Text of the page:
Human centromere repositioning activates transcription and opens chromatin fibre structure

Catherine Naughton, Covadonga Huidobro, Claudia Rita Catacchio, Adam Buckle, Graeme R Grimes, Ryu-Suke Nozawa, Stefania Purgato, Mariano Rocchi, Nick Gilbert*

*Corresponding author for this work

Research output: Contribution to journalArticlepeer-review


Human centromeres appear as constrictions on mitotic chromosomes and form a platform for
kinetochore assembly in mitosis. Biophysical experiments led to a suggestion that repetitive DNA at
centromeric regions form a compact scaffold necessary for function, but this was revised when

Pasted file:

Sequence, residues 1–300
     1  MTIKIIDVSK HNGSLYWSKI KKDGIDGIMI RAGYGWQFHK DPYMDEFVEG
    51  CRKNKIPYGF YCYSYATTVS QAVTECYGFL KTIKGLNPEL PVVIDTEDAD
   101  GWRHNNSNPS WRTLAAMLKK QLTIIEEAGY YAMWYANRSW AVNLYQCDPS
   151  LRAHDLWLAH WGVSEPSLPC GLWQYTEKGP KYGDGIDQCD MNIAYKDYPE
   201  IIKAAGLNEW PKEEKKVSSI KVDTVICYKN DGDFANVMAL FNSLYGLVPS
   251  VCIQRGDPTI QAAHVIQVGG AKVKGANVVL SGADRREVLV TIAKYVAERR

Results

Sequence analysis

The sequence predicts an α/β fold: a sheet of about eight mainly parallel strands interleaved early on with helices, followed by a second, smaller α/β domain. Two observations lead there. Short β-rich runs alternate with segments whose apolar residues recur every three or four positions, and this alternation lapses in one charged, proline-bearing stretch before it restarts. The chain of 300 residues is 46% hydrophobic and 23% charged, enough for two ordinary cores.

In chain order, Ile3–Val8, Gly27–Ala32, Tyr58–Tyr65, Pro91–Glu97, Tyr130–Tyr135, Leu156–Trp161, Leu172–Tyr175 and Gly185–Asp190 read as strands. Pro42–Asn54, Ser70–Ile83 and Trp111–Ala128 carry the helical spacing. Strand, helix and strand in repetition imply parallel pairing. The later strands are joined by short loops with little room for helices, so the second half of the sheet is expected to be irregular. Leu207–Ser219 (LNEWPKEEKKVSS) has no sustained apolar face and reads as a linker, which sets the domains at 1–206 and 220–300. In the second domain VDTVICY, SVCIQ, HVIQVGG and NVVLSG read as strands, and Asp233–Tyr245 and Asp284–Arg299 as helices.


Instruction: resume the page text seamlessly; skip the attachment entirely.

neocentromeres were discovered on non-repetitive DNA. To test whether centromeres have a
special chromatin structure we have analysed the architecture of a neocentromere. Centromere
repositioning is accompanied by RNA pol II recruitment and active transcription to form a
decompacted, negatively supercoiled domain enriched in ‘open’ chromatin fibres. In contrast,
centromerisation causes a spreading of repressive epigenetic marks to surrounding regions,
delimited by H3K27me3 polycomb boundaries and divergent genes. This flanking domain is
transcriptionally silent and partially remodelled to form ‘compact’ chromatin, similar to satellite-containing DNA sequences, and exhibits genomic instability. We suggest transcription disrupts
chromatin to provide a foundation for kinetochore formation whilst compact pericentromeric
heterochromatin generates mechanical rigidity.
Original languageEnglish
JournalNature Communications
Publication statusPublished - 24 Sep 2022


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